In 1977, a flurry of publicity brought the news that country superstar Dolly Parton—already famous for her songs “Jolene” and “I Will Always Love You”—was crossing over to the mainstream. Alanna Nash’s intensively reported book Dolly documents this moment as a rancorous one, reminiscent of Dylan going electric. Repeatedly, Parton is prompted to align herself with a genre. “I really prefer to call it Dolly Parton’s music,” she says to Nash. “Why should it have a label?” Rock, she tells another interviewer, “was something I’d wanted to do for years, but I wasn’t in a position to…. I don’t necessarily want to be a rock and roll star, but I want to be able to go into any market, to express myself totally.”
By then, the popularity of Parton’s songs with bona fide female rock stars like Patti Smith and Tina Turner had finally put her in such a position. Yet Parton’s crossover attempt ultimately failed to find advocacy from rock critics. The Village Voice’s Robert Christgau quipped, “The problem with Dolly’s crossover is her rich but rather tiny voice, a singular country treble that’s unsuited to rock, where little-girlishness works only as an occasional novelty.” Rolling Stone’s Tom Carson was more brutal: “Outside the stylized [country and western] framework, her voice and stance seem ludicrous.” Subpar material (1978’s disco-tinged Heartbreaker) was their primary complaint, but judgment was also cast on Parton herself: her musical talents had their charms, but they didn’t quite measure up to real rock stardom.
This brazenly sexist and obliquely classist reception did not stop Parton from continuing to record rock music. Just as other artists kept embracing her songwriting, she showed discernment in choosing others’ songs to interpret, with often intriguing results. In 1979, she rendered the Beatles’ “Help!” as a brisk, airy ballad; 1980’s concept album 9 to 5 and Odd Jobs explores folk rock with moving versions of Woody Guthrie’s “Deportee (Plane Wreck at Los Gatos)” and “The House of the Rising Sun.” And especially exciting rock experiments came with 2001’s Little Sparrow, recorded with the innovative bluegrass band Nickel Creek. Daringly tackling Collective Soul’s grunge-era classic “Shine,” Parton’s voice is confident and clear as a crystal bell. Though she’s accompanied by banjo, mandolin, and fiddle, it’s pretty evident that she rocks.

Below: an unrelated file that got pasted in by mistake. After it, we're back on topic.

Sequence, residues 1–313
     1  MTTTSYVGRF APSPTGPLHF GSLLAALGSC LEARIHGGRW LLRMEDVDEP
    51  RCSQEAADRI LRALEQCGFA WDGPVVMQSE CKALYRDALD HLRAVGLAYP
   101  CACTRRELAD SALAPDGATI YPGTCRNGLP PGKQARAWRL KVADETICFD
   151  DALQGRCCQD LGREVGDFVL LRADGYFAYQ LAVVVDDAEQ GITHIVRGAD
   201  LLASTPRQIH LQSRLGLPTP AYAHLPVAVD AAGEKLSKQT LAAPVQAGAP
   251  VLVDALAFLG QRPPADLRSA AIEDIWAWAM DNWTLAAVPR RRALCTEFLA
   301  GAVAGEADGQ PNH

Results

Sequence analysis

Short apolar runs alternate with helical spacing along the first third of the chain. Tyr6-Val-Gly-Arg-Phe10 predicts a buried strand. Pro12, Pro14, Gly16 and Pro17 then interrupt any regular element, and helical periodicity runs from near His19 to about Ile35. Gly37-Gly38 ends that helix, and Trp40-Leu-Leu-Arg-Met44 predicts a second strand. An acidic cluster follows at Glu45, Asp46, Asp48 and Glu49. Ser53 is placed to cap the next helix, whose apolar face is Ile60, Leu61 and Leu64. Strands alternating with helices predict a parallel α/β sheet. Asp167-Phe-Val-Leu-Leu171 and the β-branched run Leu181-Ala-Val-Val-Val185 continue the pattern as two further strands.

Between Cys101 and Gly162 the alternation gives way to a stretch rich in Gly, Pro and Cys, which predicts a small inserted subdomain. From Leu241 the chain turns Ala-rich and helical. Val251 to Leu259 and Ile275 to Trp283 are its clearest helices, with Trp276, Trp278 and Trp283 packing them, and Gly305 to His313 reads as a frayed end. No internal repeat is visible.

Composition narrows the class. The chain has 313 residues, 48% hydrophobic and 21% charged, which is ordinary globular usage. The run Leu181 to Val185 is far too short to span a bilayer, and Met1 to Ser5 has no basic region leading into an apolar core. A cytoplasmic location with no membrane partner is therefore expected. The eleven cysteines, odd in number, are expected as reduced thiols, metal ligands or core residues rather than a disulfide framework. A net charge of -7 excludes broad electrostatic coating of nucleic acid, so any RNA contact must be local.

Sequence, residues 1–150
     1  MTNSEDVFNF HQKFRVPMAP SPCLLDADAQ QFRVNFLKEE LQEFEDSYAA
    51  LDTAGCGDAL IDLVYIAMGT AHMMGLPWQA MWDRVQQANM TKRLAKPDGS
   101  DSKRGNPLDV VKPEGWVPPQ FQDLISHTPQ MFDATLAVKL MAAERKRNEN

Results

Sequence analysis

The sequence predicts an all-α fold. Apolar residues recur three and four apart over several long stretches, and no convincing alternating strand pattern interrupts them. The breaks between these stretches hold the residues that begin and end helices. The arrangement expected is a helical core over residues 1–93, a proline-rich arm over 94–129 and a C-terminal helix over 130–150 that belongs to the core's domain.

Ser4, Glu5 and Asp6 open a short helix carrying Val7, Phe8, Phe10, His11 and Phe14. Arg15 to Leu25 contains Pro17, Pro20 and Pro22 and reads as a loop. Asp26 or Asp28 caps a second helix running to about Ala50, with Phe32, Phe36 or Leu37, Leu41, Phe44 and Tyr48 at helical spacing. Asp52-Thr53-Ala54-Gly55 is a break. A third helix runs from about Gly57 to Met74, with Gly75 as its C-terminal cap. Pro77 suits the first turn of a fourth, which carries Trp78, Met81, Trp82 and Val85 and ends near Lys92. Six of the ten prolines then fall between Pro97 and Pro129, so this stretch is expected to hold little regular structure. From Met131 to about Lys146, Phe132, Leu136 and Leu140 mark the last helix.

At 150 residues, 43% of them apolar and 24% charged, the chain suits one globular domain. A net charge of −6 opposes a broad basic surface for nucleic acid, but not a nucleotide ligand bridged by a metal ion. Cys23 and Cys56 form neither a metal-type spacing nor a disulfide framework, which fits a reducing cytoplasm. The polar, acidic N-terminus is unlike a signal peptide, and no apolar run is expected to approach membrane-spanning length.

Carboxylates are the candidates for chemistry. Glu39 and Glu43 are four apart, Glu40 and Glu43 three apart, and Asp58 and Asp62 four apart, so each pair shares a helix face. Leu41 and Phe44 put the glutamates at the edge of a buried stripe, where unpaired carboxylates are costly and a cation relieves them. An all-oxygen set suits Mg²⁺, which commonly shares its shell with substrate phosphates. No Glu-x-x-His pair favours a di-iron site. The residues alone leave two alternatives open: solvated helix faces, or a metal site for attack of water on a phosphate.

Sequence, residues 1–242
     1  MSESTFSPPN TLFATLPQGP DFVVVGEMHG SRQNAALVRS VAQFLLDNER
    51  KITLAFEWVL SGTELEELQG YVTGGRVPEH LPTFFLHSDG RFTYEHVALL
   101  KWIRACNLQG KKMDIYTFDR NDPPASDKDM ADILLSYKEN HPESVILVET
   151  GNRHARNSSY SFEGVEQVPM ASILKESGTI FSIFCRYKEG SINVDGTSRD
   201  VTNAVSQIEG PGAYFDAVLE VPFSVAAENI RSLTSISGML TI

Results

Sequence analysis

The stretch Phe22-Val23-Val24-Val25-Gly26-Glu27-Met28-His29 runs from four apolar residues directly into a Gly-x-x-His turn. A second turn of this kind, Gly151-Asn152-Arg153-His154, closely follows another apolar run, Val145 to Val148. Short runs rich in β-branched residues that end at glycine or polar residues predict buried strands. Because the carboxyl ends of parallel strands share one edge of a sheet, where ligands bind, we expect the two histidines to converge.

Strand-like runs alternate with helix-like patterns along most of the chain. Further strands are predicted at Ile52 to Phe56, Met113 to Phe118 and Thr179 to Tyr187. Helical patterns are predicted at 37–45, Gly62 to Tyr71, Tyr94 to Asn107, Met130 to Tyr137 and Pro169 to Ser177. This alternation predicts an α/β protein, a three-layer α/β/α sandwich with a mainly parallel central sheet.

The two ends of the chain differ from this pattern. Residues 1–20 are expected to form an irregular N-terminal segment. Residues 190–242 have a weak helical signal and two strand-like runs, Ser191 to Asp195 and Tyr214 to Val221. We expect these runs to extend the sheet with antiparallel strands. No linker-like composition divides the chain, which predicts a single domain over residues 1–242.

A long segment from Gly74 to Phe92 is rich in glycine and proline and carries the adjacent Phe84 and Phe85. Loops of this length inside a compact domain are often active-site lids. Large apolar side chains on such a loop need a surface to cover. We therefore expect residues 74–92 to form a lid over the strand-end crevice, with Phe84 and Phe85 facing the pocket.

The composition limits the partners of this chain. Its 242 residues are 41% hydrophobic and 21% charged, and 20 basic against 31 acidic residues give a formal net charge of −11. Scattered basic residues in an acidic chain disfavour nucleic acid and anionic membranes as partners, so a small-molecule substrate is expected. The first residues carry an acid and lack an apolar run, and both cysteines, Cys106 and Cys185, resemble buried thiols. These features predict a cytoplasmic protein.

So what does an artist once deemed “unsuited to rock” sing on an album called Rockstar, fresh from her 2022 induction into the Rock and Roll Hall of Fame and joined by everyone from Melissa Etheridge to Sting? Along with a few songs of her own, the biggest hits by the most fixed bodies in the rock firmament seem a fair place to start. Rockstar does indeed include a bunch of classic-rock anthems by the likes of the Beatles, the Rolling Stones, Led Zeppelin, Peter Frampton, and Lynyrd Skynyrd; it also highlights a few more subversive and stylistically groundbreaking rock icons, including Prince, Stevie Nicks, Heart, and Queen.
Aside from the symbolic import of its selections, the music of Rockstar shows the same thoughtfulness and precision found elsewhere in Parton’s work. She seeks neither to replicate nor to radically transform these songs, and instead subtly yet convincingly reimagines them.
“Let It Be” is exemplary of this method. Paul McCartney’s performance of perhaps his most famous song has always been emotionally cool, suggesting a stoic detachment from its depiction of divine or dreamlike solace. As if sensing that distance, Parton’s version moves in closely. With a stately pace, the reassuring sweetness of her tone, and (ace up her sleeve at least since “I Will Always Love You”) a spoken-word refrain, its more vulnerable and spiritual register opens up the song.
This delicate dynamic between source material and interpretation reminds us of Parton’s brilliance as a musician, still frequently misunderstood or underestimated—her vocal control, her phrasing, her sense of compositional form, and her joyful, engaged approach to collaboration. And so Rockstar cannily defines rock stardom not by a fixed sound or attitude, but by the idealistic, demanding terms Parton set for herself decades ago: having the freedom to express yourself, totally.
Record label: Butterfly/Big Machine Similar artists: Linda Ronstadt, Emmylou Harris, Johnny Cash, Tina Turner, Nickel Creek Representative lyric: “Whisper words of wisdom, / let it be.” Best track: “Let It Be” Ideal listening conditions: An early-morning walk on a clear day